Reviews > Books
Tolstoy, Rasputin, and Teffi, One of Russia’s Greatest Woman Writers

Teffi’s genius lies in applying a light, ironic and at times satirical flair of humour to deeply serious subjects

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‘Digital Signatures’ Finds a World of Sound in a Handful of Songs

How have ears and minds become conditioned to the binary codes that shape contemporary pop music?

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‘Avedon / Warhol’ Is an Astute Juxtaposition of the Two Brightest Stars in the Gagosian Galaxy

Gagosian has a clear-eyed, bird’s eye view on perhaps the most self-evident yet severely complicated relationship in modern art history.

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Looking for a Way to Supplement Your Income? Why Not Steal the Mona Lisa?

All you need is Taylor Bayouth's How to Steal the Mona Lisa to help you figure out how to get away with it.

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Never Again, Until Next Time

David Rieff's exploratory work in In Praise of Forgetting seeks to map the ways in which historical memory acts upon us and can be acted upon.

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The British Library’s Delightful Anthologies of Cats and Dogs in Literature

These charming books include some of the most famous (and infamous) dogs and cats known in literature, along with some lesser known tales and poems.

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Howard Means’ ‘67 Shots’ Crucially Reminds Us That We Can’t Always Trust Those in Charge

Tension and painful memories still hang over Kent State, 46 years after the state-sanctioned murder of students, as does the warning it conveys.

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‘Nitro Mountain’ Is Harrowing and Dark

This is an unabashedly fierce and often violent novel that owes as much to Graham Greene's Brighton Rock as it does to Daniel Woodrell's Winter's Bone.

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‘We Love You, Charlie Freeman’ Ponders Over Watching and Being Watched

This novel tries to find words for the ways in which being other means being constantly under observation.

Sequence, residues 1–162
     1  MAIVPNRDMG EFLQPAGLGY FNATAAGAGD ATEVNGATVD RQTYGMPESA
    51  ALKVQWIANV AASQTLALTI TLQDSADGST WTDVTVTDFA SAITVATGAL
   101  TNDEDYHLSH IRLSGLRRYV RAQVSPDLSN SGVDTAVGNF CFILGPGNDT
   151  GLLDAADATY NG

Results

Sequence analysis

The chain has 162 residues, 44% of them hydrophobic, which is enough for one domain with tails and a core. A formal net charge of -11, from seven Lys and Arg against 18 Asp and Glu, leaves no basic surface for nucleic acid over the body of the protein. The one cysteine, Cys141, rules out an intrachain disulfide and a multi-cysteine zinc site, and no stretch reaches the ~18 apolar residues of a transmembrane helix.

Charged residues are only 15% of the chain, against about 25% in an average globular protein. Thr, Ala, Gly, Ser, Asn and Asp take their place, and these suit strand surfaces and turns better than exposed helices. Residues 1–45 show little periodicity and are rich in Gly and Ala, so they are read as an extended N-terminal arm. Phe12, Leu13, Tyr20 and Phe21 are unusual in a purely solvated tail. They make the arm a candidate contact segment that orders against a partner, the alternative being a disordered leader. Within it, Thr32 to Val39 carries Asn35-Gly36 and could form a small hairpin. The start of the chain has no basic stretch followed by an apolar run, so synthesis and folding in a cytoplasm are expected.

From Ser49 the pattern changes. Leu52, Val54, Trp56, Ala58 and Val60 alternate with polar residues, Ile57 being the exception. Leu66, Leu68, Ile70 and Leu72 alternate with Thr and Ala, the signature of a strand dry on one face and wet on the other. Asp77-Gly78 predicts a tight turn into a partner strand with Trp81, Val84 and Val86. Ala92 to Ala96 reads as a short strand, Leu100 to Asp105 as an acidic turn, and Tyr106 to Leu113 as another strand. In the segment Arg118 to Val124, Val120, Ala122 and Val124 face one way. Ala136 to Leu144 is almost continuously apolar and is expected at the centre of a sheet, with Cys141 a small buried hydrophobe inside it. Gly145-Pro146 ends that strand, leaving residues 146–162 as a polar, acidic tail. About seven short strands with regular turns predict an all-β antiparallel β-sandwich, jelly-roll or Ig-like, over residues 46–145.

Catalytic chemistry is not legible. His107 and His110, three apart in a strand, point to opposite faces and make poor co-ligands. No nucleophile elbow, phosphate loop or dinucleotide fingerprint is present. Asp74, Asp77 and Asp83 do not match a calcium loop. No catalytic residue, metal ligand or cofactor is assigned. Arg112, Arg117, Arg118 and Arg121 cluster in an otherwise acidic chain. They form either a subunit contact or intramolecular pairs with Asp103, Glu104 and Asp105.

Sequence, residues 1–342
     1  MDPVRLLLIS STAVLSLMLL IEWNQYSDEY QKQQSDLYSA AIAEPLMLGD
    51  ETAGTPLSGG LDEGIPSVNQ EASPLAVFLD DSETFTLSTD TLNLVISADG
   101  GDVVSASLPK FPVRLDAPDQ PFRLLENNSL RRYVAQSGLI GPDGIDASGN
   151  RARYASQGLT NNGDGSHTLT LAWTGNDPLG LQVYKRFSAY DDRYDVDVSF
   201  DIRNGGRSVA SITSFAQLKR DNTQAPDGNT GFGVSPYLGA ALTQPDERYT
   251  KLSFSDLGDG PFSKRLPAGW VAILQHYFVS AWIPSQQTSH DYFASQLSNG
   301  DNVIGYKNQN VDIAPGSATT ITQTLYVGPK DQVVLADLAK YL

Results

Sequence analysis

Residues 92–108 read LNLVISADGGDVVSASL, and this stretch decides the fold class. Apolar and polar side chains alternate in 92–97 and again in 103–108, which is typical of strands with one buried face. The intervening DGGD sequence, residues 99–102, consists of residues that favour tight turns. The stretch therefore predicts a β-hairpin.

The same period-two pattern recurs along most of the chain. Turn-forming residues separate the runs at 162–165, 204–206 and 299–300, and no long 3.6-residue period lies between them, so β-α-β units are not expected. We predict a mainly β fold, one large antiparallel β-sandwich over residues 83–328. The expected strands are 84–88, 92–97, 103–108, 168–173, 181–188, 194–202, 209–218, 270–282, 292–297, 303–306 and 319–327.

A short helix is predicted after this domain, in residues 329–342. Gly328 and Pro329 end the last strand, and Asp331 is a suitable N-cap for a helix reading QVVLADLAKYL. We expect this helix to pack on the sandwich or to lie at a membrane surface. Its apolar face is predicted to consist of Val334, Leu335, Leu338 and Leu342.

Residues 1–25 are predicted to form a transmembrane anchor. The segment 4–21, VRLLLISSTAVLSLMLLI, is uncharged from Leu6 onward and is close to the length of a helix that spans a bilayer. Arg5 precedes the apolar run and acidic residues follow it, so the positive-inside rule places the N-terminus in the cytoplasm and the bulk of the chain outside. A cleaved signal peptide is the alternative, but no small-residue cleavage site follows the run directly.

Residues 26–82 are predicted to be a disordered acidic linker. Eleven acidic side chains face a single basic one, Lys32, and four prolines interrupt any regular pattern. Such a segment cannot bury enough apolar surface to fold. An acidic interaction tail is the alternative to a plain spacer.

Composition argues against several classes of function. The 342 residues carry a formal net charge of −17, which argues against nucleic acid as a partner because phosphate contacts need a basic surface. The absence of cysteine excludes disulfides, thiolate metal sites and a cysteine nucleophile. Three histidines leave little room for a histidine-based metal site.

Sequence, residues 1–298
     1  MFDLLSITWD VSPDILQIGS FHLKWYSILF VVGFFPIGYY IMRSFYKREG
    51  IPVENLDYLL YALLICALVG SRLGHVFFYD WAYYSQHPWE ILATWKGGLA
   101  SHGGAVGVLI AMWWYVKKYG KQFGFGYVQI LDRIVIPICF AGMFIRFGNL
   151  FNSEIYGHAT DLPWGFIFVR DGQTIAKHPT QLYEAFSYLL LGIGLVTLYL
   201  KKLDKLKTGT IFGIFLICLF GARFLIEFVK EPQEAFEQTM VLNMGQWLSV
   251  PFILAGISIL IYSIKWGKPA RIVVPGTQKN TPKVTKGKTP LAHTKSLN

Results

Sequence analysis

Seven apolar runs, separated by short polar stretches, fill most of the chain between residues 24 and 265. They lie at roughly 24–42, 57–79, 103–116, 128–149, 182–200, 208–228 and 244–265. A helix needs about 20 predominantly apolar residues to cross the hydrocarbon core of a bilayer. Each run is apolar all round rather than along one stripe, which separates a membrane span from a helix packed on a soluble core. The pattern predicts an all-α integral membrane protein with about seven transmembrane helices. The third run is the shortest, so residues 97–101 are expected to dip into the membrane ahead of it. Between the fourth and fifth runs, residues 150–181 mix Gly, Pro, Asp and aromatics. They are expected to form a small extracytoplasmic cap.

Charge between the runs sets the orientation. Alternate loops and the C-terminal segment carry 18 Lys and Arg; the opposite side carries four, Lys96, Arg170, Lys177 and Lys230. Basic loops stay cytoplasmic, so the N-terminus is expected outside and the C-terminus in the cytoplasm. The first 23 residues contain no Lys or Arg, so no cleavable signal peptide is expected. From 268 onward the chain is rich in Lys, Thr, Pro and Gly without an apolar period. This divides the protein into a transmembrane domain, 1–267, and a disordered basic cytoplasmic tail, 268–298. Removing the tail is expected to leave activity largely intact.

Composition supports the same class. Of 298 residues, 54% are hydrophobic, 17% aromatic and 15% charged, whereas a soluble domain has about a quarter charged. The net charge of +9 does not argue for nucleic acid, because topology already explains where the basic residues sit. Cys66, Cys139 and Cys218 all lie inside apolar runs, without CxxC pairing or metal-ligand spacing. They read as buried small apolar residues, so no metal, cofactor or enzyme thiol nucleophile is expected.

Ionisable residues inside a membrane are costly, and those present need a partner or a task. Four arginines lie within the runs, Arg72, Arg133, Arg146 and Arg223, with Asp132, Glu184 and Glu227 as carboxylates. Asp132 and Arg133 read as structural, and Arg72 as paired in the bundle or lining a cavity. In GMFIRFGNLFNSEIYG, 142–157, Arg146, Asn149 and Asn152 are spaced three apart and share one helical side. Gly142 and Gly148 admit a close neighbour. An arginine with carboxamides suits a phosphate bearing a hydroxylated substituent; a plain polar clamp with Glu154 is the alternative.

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‘Homintern’ Is Not as Subversive and Liberating as Its Subject Matter

What was unique and liberating about the gay influence on Western culture? Gregory Woods tells only part of the story.

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To Read ‘Charlotte Brontë: A Fiery Heart’ Is to Fully Inhabit Haworth Parsonage

Claire Harman's biography of Charlotte Bronte sheds new light on a woman too often confounded with her beloved heroine.

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‘Children of Paradise’ Is a Masterpiece of Journalism and Reportage

Children of Paradise is an intellectual history of Iranian politics that helps the reader cut through the spin of mainstream headlines.

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‘Nebula Awards Showcase 2016’ Will Make Your Toes Curl

Experienced sci-fi readers have seen enough hentai to know where Nebula Awards Showcase 2016 is going.

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Retrospeculating On ‘1976’

Lambda Literary Award finalist Megan Volpert invents a mix of memoir and cultural criticism to engage in roundabout reflection on how the year shaped both America and herself.

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World-Building With Few Words in ‘The Transmigration of Bodies’

Yuri Herrera writes short, sparse, powerful novels about the complex violence of border zones.

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Modiano’s ‘Villa Triste’ and the Dull Flâneur

The protagonist in Patrick Modiano's Villa Triste is a monomaniacal flâneur in world shrunk to a few predictable details.

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‘The Killing of Osama Bin Laden’ and the Importance of Truth in Democratic Governance

Pulitzer Prize-winning journalist Seymour Hersh alleges unprecedented levels of cover-up by the Obama administration over America's role in Syria and elsewhere.

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Share and Share Alike, If We Dare

By 2050, two-thirds of the earth's population will live in cities. How can cities be smart and equitable in managing this growth?

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‘Investigating Lois Lane’ Is as Smart as, Well, Lois Lane Herself

Tim Hanley's book is a compelling read that reveals the ways in which Lois Lane has reflected cultural assumptions about gender.

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‘Paul McCartney: The Life’ Doesn’t Whitewash or Sensationalize

Philip Norman's latest biography is loaded with wonderful passages, fascinating stories and cracking humor.

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Emerging from My Hiatus from Big Budget Games

// Moving Pixels

"I'd gotten burned out on scope and maybe on spectacle in video games, but I think it's time to return to bigger worlds to conquer.

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